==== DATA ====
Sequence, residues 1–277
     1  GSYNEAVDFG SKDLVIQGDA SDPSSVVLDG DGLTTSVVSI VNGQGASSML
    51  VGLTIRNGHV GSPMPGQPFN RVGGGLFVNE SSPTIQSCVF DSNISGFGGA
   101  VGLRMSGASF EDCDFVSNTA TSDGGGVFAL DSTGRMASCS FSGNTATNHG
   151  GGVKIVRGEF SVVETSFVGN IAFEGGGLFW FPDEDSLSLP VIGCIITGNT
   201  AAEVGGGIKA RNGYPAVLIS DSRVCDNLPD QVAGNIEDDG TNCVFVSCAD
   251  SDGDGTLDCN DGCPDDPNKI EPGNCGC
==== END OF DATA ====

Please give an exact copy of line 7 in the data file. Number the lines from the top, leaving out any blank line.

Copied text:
   251  SDGDGTLDCN DGCPDDPNKI EPGNCGC